Study Abroad Rome: Then and Now

14 Jan

Fortunately, history does repeat itself, albeit with some changes.


Later today, our daughter Benita will depart for a semester at Loyola’s Rome Center. Her bags are almost packed, carefully staying under the 50 pound weight limit to avoid a ridiculous $150 fee for a few ounces over. Her backpack is filled with all the technology used today to communicate and record life’s events…computer, tablet, smartphone, digital camera, etc. And she has already set up a blog, Romeisalwaysagoodthing to document her experience. While I don’t have the exact numbers, I think about 200 students from about a dozen universities will make up the group. She’s not going over with any of her good friends but is sure to return with many.

Later today, we will hug goodbye (and yes, I’ll cry) at the Lufthansa counter hours before her actual departure, then I’ll check flight tracker when I awake tomorrow. During her time in Rome, or wherever she travels, we can communicate for free using various downloadable applications. While her study abroad adventure is yet to be written, it is sure to be incredible as she visits new cities and countries with her new friends.

In 1970, I left for a similar adventure. If my memory serves me correctly, we numbered over 200 students from about 90 schools across the country. Most of us left in August and returned the following May – one entire academic year! Back then, Loyola offered one of the few study abroad programs, unlike today where nearly every college and university has an affiliation. 

While I can’t remember, I imagine I brought two suitcases with no regard to weight limits. What I do remember is that all the parents waived goodbye to us from the window at the gate as we pulled away. Although there were tensions and targets in the world, US airports were not among them…no security, no TSA.

I always loved photography and wanted to document my adventure, so I purchased a Minolta SRT101 while in Rome (which Benita still uses for B/W photography). The only live communication most students had with their families came through very short and expensive collect calls we made home from the hall pay phone. We actually wrote and received  letters and even received care packages filled with homemade goodies.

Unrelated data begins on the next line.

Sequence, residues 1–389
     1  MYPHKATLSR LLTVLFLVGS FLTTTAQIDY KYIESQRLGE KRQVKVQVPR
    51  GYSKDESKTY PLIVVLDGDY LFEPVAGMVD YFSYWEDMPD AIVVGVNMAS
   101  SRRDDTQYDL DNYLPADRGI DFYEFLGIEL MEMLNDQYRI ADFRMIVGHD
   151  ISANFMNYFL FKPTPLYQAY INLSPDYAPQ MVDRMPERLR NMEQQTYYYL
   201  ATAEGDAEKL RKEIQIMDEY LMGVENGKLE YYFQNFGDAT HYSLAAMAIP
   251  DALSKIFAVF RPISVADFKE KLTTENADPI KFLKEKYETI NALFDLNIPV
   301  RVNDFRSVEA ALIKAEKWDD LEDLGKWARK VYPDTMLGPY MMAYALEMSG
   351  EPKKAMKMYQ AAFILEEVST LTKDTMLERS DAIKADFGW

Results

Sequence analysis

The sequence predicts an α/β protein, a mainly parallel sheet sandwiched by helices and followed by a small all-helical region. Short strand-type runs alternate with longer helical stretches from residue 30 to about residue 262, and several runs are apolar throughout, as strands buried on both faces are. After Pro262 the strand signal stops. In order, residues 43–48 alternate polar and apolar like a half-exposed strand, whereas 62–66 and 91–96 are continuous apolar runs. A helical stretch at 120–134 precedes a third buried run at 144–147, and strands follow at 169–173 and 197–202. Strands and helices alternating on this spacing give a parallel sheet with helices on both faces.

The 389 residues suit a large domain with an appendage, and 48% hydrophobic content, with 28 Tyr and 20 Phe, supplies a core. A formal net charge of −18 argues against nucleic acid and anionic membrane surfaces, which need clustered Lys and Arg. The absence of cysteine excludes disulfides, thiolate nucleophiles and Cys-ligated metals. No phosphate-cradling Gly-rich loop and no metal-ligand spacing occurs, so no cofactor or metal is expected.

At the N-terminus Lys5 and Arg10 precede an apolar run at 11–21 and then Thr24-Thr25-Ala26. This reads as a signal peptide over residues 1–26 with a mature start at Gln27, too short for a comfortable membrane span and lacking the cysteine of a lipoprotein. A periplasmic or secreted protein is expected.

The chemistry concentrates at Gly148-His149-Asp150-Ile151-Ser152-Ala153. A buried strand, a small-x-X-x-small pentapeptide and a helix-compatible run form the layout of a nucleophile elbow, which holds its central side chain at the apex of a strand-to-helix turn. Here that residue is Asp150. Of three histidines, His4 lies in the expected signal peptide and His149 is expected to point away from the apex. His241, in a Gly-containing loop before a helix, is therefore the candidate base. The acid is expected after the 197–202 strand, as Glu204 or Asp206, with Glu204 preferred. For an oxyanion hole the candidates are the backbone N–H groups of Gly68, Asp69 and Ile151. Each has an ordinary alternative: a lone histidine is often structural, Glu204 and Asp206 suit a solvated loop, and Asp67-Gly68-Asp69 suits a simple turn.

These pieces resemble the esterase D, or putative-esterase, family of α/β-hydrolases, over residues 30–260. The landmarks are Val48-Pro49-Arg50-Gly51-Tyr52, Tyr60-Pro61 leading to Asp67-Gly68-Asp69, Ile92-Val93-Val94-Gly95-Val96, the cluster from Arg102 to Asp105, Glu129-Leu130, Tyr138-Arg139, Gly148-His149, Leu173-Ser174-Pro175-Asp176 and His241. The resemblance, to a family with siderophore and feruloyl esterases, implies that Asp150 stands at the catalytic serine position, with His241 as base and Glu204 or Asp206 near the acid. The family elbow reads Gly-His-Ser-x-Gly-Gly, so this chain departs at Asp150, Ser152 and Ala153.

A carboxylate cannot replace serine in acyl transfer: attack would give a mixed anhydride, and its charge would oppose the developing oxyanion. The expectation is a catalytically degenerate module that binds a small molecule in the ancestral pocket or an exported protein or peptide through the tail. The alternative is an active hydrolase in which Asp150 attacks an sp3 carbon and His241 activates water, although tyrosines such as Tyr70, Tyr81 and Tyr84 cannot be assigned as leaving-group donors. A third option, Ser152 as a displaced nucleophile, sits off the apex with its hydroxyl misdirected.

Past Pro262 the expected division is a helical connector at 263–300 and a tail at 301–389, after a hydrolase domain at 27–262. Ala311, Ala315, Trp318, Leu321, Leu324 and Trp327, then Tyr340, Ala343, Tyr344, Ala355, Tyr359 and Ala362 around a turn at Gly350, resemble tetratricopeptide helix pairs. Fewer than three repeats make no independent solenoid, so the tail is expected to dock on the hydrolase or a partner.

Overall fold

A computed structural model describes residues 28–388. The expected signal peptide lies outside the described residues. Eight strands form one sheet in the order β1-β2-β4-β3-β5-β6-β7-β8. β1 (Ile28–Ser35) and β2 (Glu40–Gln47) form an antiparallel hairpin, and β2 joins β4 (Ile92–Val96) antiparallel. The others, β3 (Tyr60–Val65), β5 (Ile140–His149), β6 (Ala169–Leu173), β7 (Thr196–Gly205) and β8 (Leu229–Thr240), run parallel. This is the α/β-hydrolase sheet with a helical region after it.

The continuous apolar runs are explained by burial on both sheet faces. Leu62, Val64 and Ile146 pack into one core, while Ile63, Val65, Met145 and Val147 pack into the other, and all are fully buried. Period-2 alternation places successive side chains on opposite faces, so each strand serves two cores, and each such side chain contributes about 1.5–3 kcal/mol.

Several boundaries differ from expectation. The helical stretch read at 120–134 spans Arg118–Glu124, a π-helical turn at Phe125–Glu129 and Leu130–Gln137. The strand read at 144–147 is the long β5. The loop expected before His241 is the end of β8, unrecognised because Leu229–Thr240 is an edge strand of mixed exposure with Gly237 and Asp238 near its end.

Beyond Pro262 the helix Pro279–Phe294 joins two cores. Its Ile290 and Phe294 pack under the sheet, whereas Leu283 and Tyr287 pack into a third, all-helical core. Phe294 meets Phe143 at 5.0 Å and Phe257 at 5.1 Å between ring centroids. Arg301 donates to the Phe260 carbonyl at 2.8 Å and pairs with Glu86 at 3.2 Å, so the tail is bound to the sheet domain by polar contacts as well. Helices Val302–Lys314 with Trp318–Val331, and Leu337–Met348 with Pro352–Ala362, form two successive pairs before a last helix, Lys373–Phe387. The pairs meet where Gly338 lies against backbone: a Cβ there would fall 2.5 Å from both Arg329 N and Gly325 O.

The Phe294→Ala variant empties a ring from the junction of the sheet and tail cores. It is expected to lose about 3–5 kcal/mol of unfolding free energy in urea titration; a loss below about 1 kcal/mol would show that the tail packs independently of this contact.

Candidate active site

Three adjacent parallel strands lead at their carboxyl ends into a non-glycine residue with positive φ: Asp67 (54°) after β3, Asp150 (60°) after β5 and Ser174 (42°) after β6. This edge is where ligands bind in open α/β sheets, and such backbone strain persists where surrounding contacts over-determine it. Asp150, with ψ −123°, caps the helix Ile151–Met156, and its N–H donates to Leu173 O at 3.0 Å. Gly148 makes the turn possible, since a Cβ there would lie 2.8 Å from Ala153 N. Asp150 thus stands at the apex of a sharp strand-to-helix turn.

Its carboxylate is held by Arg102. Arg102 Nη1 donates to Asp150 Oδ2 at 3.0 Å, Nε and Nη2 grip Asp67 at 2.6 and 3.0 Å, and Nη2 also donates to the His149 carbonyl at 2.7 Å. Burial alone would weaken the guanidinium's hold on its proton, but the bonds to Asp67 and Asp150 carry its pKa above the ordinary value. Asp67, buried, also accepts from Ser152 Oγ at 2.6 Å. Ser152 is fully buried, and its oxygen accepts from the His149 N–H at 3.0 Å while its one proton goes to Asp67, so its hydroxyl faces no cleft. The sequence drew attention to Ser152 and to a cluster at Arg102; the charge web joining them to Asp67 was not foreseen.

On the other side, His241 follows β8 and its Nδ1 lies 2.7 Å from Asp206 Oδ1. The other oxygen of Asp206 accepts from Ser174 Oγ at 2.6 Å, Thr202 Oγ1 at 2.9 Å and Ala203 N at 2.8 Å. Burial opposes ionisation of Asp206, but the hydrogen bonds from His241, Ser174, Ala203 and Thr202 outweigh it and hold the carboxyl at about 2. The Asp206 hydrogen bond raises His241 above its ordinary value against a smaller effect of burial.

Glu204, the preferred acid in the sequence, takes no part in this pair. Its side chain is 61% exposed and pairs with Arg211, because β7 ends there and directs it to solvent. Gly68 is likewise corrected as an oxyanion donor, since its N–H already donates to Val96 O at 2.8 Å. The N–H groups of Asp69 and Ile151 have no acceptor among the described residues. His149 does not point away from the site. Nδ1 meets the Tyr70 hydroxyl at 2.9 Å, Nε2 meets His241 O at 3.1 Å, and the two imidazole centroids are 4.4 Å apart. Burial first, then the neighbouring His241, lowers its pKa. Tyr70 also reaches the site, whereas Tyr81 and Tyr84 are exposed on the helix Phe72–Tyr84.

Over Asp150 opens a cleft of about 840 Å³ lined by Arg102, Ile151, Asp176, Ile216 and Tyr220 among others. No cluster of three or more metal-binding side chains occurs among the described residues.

Mostly college juniors, we left the US with a few suitcases and returned one year later with lifelong memories and lifelong friends. A salute to my fellow campers!

While some 40 years separate Benita’s adventure and mine, some constants remain. There is nothing quite like having the opportunity to experience living like a local in a foreign country. Absorbing the culture, speaking a different language, learning and practicing new traditions, experiencing new tastes and smells, seeing sites thousands of years old, learning about history and life by living it, and creating lasting memories and friendships are just some of the amazing opportunities afforded to study abroad students – then and still now.

Perhaps Mark Twain said it best:

“Travel is fatal to prejudice, bigotry, and narrow-mindedness, and many of our people need it sorely on these accounts. Broad, wholesome, charitable views of men and things cannot be acquired by vegetating in one little corner of the earth all one’s lifetime.”

To Benita and all those on this adventure, Buon Voyage!